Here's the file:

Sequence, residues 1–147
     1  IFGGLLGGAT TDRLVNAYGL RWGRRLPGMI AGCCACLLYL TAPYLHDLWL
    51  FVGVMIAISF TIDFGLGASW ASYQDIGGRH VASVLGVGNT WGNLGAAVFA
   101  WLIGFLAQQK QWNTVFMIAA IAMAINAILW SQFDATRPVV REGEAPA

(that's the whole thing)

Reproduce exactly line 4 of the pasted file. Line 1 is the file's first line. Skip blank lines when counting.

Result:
   101  WLIGFLAQQK QWNTVFMIAA IAMAINAILW SQFDATRPVV REGEAPA